Plaintiff's counsel showed up for the first day of an anticipated two-day bench trial to determine whether her client had either a prescriptive easement or an easement by necessity over defendant's property -- without which, plaintiff's parcel would be "land-locked" and inaccessible.
In the mind of Judge William Highberger of L.A. County Superior Court, the key piece of evidence was a deed from 1922. Plaintiff had produced a copy of the deed to defense counsel, who had used it as an exhibit to depositions and had questioned witnesses (including defendant) about it.
Plaintiff's counsel assumed that its authenticity was not an issue, and that defense counsel had waived any such objection by using it in depositions. So she didn't get defense counsel to stipulate to its authenticity, she didn't get a certified copy, and she didn't have a witness present who could authenticate it.
Essentially on his own, the judge raised the authenticity issue and ruled the deed inadmissible. He then refused plaintiff's request for a continuance until the next day to allow her to obtain a certified copy. He then invited defendant to move for "judgment" due to plaintiff's failure of proof, and granted the motion.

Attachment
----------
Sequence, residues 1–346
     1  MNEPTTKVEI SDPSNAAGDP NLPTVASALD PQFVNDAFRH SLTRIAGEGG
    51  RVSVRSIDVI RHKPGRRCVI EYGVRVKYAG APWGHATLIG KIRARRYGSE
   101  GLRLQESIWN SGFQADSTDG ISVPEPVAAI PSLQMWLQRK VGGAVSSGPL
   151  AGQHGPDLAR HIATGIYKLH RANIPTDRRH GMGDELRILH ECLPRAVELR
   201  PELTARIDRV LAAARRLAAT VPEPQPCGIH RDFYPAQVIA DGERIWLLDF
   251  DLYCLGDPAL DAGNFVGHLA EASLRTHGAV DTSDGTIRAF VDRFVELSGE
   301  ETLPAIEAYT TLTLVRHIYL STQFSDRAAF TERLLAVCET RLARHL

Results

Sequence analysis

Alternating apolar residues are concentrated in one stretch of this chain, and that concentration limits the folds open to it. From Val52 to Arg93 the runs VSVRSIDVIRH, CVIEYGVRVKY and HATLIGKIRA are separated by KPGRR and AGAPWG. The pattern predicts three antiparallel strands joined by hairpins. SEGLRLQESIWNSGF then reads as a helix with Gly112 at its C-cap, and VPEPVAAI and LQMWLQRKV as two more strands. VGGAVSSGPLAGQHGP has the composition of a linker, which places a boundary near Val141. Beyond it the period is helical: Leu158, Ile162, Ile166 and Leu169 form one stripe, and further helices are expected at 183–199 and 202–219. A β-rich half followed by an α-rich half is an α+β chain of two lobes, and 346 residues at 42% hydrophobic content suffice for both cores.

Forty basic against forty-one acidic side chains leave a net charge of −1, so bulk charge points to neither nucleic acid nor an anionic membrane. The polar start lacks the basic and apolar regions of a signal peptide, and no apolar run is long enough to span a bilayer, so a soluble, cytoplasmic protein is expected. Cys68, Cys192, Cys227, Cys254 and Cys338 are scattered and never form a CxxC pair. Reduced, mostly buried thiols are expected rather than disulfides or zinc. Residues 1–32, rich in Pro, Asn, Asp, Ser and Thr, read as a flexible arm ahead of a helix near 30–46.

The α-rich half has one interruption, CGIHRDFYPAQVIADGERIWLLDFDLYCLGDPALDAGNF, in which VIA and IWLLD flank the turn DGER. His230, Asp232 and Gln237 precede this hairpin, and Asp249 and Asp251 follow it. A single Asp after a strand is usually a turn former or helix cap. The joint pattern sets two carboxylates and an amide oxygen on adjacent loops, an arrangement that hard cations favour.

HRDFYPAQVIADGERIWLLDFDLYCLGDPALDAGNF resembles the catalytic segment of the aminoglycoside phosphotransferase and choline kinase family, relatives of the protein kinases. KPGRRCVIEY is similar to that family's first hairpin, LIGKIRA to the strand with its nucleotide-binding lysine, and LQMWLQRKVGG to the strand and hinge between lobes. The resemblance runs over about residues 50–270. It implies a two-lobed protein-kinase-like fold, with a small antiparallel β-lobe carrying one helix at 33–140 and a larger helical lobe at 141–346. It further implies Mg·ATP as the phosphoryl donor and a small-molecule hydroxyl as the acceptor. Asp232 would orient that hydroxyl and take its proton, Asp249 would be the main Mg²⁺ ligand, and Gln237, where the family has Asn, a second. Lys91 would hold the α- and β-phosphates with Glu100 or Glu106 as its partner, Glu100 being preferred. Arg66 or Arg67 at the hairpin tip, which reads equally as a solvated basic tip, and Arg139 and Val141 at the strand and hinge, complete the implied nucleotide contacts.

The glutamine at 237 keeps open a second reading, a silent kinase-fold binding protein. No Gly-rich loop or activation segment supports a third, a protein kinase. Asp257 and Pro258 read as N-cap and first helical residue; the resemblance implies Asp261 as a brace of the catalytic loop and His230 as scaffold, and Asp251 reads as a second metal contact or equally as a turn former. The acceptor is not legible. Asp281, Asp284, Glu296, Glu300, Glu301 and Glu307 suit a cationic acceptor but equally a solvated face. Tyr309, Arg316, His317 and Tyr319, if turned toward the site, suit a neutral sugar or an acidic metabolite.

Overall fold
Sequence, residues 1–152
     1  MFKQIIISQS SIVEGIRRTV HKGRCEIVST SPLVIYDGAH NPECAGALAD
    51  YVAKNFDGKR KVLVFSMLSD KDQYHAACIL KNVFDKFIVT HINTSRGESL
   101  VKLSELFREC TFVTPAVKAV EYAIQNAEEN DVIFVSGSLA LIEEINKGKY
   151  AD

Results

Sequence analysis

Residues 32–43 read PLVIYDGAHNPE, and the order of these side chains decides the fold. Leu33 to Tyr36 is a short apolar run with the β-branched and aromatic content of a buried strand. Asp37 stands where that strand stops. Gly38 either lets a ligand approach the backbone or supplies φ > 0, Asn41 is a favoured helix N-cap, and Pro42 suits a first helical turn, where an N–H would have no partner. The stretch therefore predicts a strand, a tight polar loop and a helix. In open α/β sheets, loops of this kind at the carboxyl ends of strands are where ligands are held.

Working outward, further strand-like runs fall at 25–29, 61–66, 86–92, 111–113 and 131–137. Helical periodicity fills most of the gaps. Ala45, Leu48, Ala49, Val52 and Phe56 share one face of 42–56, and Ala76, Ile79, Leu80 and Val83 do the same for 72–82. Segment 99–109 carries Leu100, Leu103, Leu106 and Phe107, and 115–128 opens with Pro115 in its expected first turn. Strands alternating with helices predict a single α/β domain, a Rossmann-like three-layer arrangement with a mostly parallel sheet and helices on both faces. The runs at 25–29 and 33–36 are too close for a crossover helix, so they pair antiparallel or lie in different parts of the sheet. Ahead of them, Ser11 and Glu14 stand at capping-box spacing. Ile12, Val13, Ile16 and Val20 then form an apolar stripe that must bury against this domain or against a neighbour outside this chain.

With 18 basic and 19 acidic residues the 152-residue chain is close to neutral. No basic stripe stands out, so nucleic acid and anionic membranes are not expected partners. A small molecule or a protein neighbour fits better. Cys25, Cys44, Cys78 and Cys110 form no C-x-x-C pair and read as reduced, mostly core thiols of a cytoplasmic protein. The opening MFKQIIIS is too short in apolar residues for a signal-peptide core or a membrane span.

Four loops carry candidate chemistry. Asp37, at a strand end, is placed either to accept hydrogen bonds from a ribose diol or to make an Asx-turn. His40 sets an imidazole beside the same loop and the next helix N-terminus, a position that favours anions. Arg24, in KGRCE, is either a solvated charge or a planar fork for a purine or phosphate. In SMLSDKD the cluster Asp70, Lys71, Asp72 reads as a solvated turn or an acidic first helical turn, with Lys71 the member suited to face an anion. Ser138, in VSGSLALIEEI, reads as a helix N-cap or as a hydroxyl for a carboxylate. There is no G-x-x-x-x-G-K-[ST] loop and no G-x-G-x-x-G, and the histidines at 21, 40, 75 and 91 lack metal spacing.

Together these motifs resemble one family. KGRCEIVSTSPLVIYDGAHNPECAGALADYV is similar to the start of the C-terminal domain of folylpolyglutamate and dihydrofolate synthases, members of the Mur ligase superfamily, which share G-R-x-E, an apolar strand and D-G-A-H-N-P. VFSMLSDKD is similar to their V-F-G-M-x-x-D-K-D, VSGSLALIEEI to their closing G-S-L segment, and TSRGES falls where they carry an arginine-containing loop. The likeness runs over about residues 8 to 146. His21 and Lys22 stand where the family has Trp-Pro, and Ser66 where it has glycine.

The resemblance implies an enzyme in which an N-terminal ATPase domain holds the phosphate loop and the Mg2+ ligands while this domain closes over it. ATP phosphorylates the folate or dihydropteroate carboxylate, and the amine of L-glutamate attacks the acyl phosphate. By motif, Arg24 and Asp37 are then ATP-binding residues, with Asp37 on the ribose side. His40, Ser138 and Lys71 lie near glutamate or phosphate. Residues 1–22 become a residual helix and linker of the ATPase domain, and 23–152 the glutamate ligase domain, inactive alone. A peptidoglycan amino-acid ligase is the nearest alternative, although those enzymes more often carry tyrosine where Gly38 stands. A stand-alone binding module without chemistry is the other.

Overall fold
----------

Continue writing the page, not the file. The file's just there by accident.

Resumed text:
Plaintiff's post-trial motions were denied, and plaintiff was left with an unusable and potentially worthless piece of real estate, without ever having had a hearing on the merits. All because the judge chose to be an unreasonable stickler that particular morning.
Fortunately, in an unpublished opinion, the California Court of Appeal disagreed today, and reversed him. The concurring and dissenting opinion sets forth the facts in all their gory and disquieting detail. Harker v. Delson Investment Co., No. B174749 (2nd App. Dist., Div. 1).